Another poll by the Iranian Student Polling Agency (ISPA) from 13 May (before Ghalibaf dropped out) put Rouhani at 43.2 percent, Raisi at 24.5 percent and Ghalibaf at 21.7 percent among undecided voters. Among decided voters, Rouhani gets 47.2 percent, Raisi 25.2 percent and Ghalibaf 19.5 percent.
Everything points to a very close race assuming that Raisi will pick up most of Ghalibaf's voters. The large number of undecided voters, as well as the number of people unwilling to state their preference complicates things even further. All this makes the election impossible to predict with any reasonable certainty.
|While all these endorsements may look like a positive thing for Rouhani, there's a risk they might backfire|
Both candidates have been finding support from outside of the candidate pool as well. Rouhani was endorsed by Oscar-winning film director Ashgar Farhadi on Sunday. Former reformist president Mohammad Khatami also urged Iranians to "once again" make Rouhani president.
Then, one of the leaders of the Green Movement that challenged Ahmadinejad's victory in 2009 in large-scale protests, Mehdi Karoubi (who has been under house arrest since 2011), also announced his support for Rouhani.
The most important endorsement, however, came from former Green Movement leader Mir Hossein Musavi. Still under house arrest after his role in the 2009 demonstrations, Musavi remains a hugely popular figure.
|Read more: Iran elections 2017: A new direction for foreign policy|
As such, Rouhani has kept to his strategy of moving to the Left in order to appeal to disenchanted urban and progressive voters, in a bid to avoid a low turnout that could potentially be lethal for his aspirations. Rouhani is still polling better than his rivals, but he sees the warning signs on the horizon.
Although economic growth is projected to be good, the effects of the lifting of the sanctions haven't yet been felt by the general population, and the opposition has used this as a hammer against Rouhani's chances.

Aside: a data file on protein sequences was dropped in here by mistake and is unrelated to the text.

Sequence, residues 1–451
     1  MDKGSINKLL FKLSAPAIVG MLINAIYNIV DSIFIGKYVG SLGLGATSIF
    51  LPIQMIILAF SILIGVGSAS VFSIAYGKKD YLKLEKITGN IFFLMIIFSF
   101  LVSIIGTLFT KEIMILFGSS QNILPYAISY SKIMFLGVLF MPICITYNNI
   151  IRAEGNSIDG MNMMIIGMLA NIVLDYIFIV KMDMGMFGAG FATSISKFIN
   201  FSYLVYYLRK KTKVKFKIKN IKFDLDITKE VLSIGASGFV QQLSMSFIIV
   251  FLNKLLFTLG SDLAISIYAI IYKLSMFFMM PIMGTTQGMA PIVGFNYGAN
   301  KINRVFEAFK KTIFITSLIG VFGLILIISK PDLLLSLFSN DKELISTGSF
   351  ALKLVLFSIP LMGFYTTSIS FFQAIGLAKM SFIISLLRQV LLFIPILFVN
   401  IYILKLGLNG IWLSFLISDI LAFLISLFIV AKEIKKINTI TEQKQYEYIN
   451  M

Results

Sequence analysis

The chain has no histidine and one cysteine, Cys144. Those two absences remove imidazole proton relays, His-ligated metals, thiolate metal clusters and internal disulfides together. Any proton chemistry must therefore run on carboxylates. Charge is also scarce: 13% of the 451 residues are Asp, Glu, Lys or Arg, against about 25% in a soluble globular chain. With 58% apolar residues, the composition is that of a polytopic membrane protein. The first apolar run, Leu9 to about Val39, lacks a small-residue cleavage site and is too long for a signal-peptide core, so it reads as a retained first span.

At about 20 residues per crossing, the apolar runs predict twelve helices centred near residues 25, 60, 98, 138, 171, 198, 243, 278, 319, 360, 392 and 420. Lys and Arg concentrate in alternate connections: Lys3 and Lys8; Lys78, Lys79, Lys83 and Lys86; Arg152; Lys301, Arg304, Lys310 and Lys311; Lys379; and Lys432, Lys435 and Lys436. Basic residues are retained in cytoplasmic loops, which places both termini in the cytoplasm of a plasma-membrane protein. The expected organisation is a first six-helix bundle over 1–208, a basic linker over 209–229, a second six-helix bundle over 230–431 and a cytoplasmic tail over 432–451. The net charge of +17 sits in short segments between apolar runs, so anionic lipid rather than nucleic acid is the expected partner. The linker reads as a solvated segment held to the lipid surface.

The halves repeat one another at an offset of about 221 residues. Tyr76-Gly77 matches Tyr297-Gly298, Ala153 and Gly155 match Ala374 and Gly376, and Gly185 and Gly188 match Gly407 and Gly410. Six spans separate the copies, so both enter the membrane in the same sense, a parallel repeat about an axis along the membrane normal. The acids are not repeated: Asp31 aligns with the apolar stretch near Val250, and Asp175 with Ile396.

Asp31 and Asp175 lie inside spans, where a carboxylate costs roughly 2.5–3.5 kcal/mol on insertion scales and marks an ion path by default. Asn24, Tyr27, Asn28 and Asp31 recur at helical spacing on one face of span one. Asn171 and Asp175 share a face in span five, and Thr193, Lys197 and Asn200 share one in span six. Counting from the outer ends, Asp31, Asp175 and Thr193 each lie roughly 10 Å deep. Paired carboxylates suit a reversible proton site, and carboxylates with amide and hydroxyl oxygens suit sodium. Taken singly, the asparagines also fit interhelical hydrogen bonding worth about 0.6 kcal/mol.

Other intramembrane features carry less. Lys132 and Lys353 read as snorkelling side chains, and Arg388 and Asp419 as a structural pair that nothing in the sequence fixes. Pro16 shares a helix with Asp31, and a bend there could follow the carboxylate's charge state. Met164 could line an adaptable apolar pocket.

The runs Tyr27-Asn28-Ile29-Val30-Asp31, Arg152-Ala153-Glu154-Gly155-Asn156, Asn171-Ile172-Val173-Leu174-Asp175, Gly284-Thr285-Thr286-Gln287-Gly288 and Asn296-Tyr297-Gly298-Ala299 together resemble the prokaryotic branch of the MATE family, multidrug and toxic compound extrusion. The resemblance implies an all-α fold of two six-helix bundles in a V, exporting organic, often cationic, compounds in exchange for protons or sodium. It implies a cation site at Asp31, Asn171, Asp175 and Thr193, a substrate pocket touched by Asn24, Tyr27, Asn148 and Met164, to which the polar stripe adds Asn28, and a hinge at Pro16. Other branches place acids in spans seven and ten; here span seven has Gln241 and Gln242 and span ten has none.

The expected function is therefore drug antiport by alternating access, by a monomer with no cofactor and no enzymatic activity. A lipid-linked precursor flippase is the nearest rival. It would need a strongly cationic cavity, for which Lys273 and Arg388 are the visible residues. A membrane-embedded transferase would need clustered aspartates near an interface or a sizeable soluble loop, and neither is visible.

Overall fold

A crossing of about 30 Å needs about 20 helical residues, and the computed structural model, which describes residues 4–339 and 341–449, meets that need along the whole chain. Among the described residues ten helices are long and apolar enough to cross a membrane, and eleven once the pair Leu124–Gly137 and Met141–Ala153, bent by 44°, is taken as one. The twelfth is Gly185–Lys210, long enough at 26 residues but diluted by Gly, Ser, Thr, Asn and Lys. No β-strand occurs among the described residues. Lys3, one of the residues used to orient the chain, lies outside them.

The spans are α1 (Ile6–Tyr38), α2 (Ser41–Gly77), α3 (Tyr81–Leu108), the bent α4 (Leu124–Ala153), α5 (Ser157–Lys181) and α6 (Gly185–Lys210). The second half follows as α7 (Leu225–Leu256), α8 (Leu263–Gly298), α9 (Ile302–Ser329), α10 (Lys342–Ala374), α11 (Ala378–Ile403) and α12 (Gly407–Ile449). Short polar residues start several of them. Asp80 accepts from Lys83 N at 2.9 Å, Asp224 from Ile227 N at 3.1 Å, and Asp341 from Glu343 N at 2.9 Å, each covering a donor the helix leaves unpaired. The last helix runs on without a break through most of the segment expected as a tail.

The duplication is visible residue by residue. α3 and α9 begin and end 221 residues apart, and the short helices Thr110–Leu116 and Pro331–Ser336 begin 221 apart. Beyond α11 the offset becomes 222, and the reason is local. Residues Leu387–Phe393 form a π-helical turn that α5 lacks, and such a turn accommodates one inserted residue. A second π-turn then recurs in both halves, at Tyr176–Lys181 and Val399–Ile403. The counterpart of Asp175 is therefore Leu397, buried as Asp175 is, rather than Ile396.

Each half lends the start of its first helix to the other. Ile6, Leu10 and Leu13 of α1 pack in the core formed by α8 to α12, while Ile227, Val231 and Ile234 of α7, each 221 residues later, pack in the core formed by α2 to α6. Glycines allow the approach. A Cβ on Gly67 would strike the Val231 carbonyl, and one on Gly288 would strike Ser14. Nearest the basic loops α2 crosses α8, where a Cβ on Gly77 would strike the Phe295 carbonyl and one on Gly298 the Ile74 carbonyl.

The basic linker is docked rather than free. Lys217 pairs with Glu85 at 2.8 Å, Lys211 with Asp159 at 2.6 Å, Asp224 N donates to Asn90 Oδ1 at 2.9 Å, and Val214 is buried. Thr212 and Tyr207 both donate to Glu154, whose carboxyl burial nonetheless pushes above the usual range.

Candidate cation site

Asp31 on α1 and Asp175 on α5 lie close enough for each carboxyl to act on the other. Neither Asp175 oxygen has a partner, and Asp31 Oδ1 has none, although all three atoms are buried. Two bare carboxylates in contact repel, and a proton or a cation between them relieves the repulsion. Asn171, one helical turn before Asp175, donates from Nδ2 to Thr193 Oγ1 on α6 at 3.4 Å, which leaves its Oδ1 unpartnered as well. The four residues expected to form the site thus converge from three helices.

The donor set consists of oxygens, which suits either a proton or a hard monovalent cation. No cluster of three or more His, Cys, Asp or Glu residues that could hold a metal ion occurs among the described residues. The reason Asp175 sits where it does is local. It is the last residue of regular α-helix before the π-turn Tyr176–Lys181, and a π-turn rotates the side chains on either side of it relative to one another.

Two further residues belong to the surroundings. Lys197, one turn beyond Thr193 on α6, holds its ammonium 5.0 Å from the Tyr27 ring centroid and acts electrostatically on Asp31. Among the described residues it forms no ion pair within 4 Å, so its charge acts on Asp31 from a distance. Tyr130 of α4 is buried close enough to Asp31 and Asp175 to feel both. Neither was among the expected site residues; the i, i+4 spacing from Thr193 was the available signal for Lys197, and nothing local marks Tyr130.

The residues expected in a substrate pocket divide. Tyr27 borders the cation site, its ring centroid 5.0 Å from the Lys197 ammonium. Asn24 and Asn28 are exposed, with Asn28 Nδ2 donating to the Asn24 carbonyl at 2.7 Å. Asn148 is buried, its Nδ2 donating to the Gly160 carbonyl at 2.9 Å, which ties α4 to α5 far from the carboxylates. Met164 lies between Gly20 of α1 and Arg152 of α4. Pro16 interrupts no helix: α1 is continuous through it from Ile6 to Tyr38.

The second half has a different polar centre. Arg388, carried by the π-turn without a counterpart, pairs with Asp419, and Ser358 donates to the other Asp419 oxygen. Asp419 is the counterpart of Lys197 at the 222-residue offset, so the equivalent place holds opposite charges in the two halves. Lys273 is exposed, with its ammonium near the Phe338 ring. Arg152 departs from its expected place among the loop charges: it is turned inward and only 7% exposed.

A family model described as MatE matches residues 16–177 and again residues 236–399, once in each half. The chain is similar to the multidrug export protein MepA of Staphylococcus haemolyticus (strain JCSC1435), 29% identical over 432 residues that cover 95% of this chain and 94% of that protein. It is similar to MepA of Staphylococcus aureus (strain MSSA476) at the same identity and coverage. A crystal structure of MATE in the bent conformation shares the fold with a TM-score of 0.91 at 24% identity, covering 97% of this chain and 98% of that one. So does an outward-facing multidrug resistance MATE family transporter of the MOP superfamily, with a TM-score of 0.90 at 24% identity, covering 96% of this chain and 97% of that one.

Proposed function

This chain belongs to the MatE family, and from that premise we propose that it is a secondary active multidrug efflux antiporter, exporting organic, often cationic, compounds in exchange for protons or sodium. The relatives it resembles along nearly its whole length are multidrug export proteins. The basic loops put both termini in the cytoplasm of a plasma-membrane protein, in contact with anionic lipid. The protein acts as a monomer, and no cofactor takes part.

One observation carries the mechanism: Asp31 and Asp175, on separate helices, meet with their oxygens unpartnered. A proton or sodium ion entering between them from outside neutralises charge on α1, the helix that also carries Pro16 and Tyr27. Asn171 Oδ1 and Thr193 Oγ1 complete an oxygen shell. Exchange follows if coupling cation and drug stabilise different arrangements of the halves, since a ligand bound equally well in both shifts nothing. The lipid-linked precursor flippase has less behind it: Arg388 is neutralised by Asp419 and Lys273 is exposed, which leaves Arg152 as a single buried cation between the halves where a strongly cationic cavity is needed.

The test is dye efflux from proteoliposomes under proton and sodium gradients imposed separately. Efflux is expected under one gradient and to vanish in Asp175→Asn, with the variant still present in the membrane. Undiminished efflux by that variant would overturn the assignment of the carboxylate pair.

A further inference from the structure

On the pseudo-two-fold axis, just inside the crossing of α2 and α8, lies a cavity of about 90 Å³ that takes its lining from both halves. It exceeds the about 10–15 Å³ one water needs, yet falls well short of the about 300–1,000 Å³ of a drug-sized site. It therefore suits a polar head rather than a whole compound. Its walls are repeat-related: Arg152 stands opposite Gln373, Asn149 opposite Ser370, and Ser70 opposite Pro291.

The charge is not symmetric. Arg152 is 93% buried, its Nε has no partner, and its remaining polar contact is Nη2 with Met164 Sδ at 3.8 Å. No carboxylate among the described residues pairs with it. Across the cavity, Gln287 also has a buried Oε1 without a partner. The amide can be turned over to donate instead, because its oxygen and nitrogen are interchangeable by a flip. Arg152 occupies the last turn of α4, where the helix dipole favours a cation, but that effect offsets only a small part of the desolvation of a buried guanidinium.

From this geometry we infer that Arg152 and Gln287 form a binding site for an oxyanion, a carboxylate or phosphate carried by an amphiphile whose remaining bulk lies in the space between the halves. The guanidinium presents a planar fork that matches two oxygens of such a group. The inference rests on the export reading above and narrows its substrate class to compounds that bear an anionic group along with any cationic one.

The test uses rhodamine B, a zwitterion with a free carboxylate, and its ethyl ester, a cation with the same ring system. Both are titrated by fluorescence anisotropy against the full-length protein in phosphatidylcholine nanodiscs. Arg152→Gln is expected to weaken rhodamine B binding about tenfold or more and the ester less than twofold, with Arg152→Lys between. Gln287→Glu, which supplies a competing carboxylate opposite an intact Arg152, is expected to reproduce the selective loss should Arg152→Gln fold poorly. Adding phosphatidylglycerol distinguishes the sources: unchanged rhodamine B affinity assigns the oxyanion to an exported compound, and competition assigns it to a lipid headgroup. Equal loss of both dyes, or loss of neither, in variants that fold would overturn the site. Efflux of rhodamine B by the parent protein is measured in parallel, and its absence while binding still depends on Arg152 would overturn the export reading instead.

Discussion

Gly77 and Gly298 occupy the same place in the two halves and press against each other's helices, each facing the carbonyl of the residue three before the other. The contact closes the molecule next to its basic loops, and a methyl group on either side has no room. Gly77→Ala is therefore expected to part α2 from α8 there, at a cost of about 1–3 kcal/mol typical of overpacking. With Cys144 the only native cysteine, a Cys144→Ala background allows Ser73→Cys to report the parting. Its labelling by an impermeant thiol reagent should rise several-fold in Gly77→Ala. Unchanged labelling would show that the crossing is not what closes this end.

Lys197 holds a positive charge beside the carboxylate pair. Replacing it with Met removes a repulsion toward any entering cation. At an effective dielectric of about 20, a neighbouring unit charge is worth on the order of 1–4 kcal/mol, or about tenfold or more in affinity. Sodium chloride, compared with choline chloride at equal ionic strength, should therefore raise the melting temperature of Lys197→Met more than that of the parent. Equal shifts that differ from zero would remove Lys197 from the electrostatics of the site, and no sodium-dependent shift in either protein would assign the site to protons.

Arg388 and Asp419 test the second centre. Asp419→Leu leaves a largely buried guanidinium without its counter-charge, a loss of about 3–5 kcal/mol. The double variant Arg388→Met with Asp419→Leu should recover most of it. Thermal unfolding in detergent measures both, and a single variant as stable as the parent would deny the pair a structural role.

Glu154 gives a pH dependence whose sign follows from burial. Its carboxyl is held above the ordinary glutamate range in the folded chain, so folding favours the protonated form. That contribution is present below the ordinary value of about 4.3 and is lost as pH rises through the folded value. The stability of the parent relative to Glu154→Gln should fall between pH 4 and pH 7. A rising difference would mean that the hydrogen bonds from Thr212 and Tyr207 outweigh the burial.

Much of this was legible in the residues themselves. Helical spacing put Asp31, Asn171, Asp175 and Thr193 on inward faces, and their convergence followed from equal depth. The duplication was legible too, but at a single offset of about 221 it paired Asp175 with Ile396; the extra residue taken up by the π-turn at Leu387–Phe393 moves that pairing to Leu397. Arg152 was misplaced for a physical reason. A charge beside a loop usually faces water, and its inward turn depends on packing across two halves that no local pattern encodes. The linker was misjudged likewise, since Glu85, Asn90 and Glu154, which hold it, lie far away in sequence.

However, while all these endorsements may look like a positive thing for Rouhani, there's a risk they might backfire. Support from such controversial figures, especially Karoubi and Musavi, will anger hardliners and establishment conservatives.
|Rouhani has kept to his strategy of moving to the Left in order to appeal to disenchanted urban and progressive voters|
This might not only galvanize hardliner/conservative voters, but could also draw the attention of the Revolutionary Guard, to try to rig the election against Rouhani for fear that he has become too liberal. This would spark a fierce response from Iran's reformists, who are already on edge and wary of conservative and religious encroachment.
A repeat of 2009 is not outside the realm of possibility, and the Green Party leadership's public endorsement makes this more likely.
As there are now fewer candidates in the race, chances of a runoff have decreased precipitously. This means that Rouhani's future especially is in the hands of progressive voter turnout. If he manages to galvanize enough support and get a good deal of apolitical Iranians to show up and vote, he will win.
If not, Raisi's chances are by no means bad. The final complicating factor is the potential for escalation; if the Revolutionary Guard or members of the political establishment try to rig the election in favour of Raisi, there's no telling how the reinvigorated Green Movement and its allies will respond.
Behnam (Ben) Gharagozli received his BA with Highest Distinction in Political Science from UC Berkeley and his JD cum laude from UC Hastings College of the Law. While at UC Hastings, he served as Development Editor of the Hastings International and Comparative Law Review.
Follow him on Twitter: @BenGharagozli
Jon Roozenbeek is a PhD candidate at the Department of Slavonic Studies at the University of Cambridge. He studies Ukraine's media after 2014. Before coming to Cambridge, he worked as a freelance writer, editor and journalist.
Adrià Salvador Palau Is a PhD candidate in the Distributed Information and Automation Laboratory at the University of Cambridge. He has written several journalistic articles about politics and international relations. He is interested in how data science can be used to better understand political dynamics.
Follow him on Twitter: @adriasalvador